Does ‘Adolescence’ Mean ‘Abstain’ from Everything’?

America’s ultimate prevention goal is that no teenager ever have sex, drink alcohol, witness explicit media, enjoy free time not rigidly structured and supervised by adults, or get access to any dangerous item. In effect, major institutions propose abolishing adolescence and creating a delayed, abrupt transition from total-abstinence childhood to anything-goes adulthood.

Forget whether such an absolutist scheme is possible. Is it smart? Consider the strongest evidence for enforcing teenage abstinence: the National Highway Traffic Safety Administration’s claim that the legal drinking age of 21 outlawing teen alcohol use “saved 19,121 lives” since 1975. The number is junk. NHTSA wildly inflated the small reduction in teenage traffic fatalities from an outdated Insurance Institute study, using 1984 data, attributed to the 21 drinking age. This study found that in states that raised drinking ages, traffic deaths fell 9 percent more among 18-to-20-year-olds than among drivers age 21-24.

However, more comprehensive, long-term research finds the 21 drinking age has a “seesaw” effect: teen fatalities fall, adult deaths rise. Economists Peter Asch (of Rutgers University) and David Levy (University of Baltimore, and a consultant for safety lobbies) reported that raising the drinking age to 21 slightly reduced fatal crashes by 18-to-20-year-olds at the expense of more deaths among 21-to-24-year-olds. The “legal drinking age has no perceptible influence on fatalities,” their exhaustive, federally funded Journal of Policy Analysis & Management study concluded, “but inexperience in drinking is an apparent risk factor independent of age.”

Their findings were confirmed in a 2001 American Economics Association paper by Swarthmore College’s Thomas Dee and the University of Maryland’s William Evans. “The nationwide increases in [minimum legal drinking age] may have merely shifted some of the fatality risks from teens to young adults,” they conclude from analyzing multiple factors. Raising drinking ages from 19 to 21 cut 18-to-19-year-olds’ traffic deaths by 5 percent, but increased fatalities among 22-to-23 year-olds by 8 percent. “The magnitude of mortality redistribution,” Dee and Evans report, “is quite large.”

These findings suggest the 21 drinking age doesn’t save lives; it merely shifts deaths, perhaps even increases them. Why? Because “learning by doing” is “an important component of teens’ maturation,” Dee and Evans note. To the extent that age-based prohibitions prevent adolescents from accomplishing their necessary task of practicing adult behaviors in adult settings, risks accumulate in more perilous young adulthood, where family and peer controls are weaker. Nor is risk-taking an “adult right”: In 40 percent of the drunken accidents that kill teens and 90 percent that kill children, the drunk driver is over age 21.

These points challenge popular policies that forbid teenagers from trying behaviors acceptable for adults, or stigmatize them for doing so. That teenage experimentation is healthy, that adults can influence but not ban it, are widely recognized in other cultures. Europeans generally obligate adults both to refrain from unduly risky conduct themselves and to create safe opportunities for youths to rehearse accepted adult behaviors (drinking, sex, self-supervision). However, Americans hold even perilous adult rights (heavy public drinking, handgun possession) sacrosanct while enjoining adolescent experimentation.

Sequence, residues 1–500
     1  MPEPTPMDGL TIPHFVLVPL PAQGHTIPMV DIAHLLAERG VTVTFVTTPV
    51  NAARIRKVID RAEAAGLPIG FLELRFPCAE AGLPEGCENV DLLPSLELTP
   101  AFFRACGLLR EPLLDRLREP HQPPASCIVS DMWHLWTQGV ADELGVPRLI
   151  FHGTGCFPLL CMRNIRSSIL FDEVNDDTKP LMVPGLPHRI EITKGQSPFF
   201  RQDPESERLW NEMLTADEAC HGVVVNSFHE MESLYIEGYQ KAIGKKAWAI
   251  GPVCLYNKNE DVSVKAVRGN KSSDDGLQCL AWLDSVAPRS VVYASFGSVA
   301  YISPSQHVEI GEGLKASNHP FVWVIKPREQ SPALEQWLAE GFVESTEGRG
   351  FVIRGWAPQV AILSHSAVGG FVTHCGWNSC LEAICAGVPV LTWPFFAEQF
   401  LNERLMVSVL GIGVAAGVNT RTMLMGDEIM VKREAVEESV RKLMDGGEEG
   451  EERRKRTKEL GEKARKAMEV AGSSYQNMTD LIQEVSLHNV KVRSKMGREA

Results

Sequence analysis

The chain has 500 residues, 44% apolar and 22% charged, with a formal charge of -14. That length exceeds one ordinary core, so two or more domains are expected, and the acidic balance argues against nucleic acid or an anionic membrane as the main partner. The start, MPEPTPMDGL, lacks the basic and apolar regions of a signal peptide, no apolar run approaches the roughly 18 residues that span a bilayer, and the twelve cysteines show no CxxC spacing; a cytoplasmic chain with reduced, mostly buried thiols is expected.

Americans’ acceptance of dangerous irresponsibility as a grownup privilege generates its own lunatic logic. We treat teenagers as children when they’re good and adults when they’re bad. We would execute a 14-year-old but deny him a last cigarette; allow a middle-ager to have sex with a high schooler who is forbidden to watch an R-rated movie; imprison youths longer than adults who commit identical offenses; and let an adult with 10 DWIs drink legally but expel a high school senior who sips a beer.

Sure, it’s confusing for teenagers to grow up in a society where being “grown up” doesn’t mean behaving better, but making better excuses for misbehaving. Sure, Americans will continue to suffer epidemic social ills as long as we justify our refusal to demand maturity from adults by substituting zero-tolerance constraints to prevent youths from emulating adults. It’s a high price to pay for adult intemperance and prevention-program job security.

The writings of Mike Males, a Justice Policy Institute researcher and University of California at Santa Cruz sociologist, can be viewed at http://home.earthlink.net/~mmale.

Note: In Mike Males’ April and June columns, “Add Health” was used as an abbreviation for the University of Minnesota School of Public Health study of adolescent risk, which used data from the National Longitudinal Study on Adolescent Health. The longitudinal study, often referred to as “Add Health,” serves as the database for numerous other studies; it should not be confused with any other study (such as the University of Minnesota’s) that uses its data.


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